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Tecumseh School District Seeks To Pass First Levy In Nearly Two Decades

Tecumseh Local Schools will ask voters to approve a 5-year,12.37-mill levy tax levy this November, the district's 11th levy request in nine years. If the levy fails, the school district will face an operating deficit of $8 million by 2017.

Superintendent Bradley Martin says Tecumseh's school levy is carrying a higher millage rate this time around because voters have failed to pass a levy in nearly 20 years.

He adds, "we haven't passed a new levy since 1995. I know our millage rate is high, it's because we've failed it so many times each year you fail it you lose a year of collection and your debt gets deeper."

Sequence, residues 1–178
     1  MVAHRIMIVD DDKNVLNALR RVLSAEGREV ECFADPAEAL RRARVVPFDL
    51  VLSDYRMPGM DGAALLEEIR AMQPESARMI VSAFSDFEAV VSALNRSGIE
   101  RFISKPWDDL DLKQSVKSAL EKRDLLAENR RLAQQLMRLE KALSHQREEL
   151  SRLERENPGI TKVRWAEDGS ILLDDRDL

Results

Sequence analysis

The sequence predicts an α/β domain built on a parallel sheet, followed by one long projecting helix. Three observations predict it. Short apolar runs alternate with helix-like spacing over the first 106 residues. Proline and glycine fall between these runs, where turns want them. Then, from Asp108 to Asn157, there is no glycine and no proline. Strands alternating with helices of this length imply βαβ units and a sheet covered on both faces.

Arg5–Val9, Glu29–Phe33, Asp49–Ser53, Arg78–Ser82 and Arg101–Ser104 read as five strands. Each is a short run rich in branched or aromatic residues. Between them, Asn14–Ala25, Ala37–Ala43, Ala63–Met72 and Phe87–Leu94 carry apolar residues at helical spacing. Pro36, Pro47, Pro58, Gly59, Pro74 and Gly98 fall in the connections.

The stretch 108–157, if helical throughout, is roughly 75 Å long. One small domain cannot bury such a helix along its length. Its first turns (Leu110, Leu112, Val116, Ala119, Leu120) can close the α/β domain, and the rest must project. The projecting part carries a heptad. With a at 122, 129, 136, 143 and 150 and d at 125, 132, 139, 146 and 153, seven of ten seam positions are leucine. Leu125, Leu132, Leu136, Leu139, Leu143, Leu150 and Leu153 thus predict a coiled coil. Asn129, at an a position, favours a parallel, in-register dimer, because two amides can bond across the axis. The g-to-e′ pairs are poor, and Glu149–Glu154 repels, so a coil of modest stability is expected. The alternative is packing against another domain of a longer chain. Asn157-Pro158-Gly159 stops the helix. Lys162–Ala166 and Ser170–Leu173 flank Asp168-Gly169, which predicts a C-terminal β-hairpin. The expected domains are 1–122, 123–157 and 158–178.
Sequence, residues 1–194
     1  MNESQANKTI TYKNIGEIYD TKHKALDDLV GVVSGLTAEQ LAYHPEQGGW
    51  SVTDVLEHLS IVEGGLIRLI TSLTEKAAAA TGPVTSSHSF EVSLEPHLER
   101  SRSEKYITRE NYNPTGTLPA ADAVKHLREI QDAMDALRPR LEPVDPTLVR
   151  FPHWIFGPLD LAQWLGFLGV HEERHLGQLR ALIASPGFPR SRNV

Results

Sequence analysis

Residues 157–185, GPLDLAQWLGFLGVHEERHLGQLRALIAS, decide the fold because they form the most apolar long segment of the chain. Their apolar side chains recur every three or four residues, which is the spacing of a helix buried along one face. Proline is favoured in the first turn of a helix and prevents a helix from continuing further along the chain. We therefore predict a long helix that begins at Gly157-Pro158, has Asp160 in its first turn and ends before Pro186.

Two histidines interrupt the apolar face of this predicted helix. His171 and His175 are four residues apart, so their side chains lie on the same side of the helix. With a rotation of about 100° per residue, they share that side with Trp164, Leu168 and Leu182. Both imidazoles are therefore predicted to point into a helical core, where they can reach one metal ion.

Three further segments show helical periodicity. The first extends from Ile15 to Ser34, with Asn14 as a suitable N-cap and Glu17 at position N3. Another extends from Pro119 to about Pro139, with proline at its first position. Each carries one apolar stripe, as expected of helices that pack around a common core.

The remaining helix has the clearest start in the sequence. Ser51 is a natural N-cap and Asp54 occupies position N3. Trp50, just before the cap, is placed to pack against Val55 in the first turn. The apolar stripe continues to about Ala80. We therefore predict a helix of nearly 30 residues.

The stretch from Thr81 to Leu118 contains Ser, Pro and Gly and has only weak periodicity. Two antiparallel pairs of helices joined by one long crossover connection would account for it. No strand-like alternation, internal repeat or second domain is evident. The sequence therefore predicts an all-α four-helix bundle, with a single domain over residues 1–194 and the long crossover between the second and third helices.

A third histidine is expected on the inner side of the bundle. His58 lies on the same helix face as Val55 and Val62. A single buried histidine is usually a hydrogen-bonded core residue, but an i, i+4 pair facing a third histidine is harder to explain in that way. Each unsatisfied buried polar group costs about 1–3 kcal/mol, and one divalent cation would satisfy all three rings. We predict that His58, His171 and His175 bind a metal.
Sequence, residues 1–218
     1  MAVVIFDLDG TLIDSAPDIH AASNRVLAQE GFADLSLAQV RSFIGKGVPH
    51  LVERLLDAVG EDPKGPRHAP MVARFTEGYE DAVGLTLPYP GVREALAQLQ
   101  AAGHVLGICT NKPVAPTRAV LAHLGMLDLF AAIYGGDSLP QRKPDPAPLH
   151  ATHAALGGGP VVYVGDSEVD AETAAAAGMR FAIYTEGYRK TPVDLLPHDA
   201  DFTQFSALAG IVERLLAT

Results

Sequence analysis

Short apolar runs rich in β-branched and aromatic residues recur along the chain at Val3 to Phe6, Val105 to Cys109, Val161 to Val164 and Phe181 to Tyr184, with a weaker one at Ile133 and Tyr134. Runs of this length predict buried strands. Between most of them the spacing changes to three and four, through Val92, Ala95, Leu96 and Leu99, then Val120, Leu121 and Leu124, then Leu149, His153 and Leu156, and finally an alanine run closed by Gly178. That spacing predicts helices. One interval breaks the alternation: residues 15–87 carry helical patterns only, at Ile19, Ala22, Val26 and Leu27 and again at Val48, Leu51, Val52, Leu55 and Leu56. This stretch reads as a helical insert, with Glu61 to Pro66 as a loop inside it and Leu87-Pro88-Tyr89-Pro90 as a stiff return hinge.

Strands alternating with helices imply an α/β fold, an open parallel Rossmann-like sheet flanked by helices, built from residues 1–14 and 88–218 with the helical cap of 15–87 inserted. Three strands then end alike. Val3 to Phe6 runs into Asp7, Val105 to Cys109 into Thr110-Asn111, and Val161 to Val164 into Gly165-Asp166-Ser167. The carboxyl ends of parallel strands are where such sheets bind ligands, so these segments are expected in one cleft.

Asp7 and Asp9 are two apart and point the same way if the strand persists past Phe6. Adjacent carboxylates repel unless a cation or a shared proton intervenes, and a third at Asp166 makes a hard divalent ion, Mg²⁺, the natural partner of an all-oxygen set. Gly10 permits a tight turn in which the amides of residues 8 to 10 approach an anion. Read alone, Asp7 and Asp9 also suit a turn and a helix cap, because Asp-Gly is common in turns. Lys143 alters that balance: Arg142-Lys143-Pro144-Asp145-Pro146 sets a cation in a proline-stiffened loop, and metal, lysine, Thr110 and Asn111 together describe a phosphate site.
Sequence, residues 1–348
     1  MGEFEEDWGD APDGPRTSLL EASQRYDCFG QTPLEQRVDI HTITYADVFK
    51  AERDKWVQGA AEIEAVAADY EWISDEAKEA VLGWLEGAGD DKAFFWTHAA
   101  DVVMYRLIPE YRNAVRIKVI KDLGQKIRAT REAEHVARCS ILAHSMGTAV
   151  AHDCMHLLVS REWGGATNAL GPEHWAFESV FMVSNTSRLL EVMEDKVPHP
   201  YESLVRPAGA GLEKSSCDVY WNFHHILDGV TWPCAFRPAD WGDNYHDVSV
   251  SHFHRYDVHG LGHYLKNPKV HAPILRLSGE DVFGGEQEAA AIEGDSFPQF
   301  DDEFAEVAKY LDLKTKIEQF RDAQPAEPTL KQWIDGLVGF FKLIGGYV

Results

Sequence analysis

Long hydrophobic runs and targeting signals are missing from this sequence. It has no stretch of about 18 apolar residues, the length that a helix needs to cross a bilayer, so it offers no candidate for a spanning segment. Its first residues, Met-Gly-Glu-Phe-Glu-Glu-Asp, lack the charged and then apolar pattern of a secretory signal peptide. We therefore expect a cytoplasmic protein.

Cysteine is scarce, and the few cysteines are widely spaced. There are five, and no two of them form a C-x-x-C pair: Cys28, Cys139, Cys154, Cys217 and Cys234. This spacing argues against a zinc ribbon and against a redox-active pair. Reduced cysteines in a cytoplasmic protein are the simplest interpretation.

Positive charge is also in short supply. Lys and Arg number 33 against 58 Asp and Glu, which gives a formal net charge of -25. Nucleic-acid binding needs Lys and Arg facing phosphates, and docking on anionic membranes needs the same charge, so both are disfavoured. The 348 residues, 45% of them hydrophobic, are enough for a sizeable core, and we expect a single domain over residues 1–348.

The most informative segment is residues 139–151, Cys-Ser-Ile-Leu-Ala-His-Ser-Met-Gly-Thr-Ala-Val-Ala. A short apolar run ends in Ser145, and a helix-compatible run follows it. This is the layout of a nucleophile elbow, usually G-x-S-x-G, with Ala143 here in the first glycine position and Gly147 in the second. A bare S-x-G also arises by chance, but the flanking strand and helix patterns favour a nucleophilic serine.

The district has made $8 million in cuts to staffing and educational programs since 2004 and school officials say, if the levy fails, the district could face a state takeover of its annual budget.

While some in the community think the state would do a better job, Martin explains that a takeover would be detrimental to the district.

Martin believes "[the state] would look at cutting art, music and gym at the elementary level. They would look at getting rid of industrial tech. You'd basically have enough credits to graduate."

The Tecumseh School official says the state would appoint an oversight commission to oversee finances, but the board of education would still be responsible for deciding what else to cut from the district's $26 million budget.

If voters approve the levy it would generate $3.5 million, costing the owner of a $100,000 home $432 a year.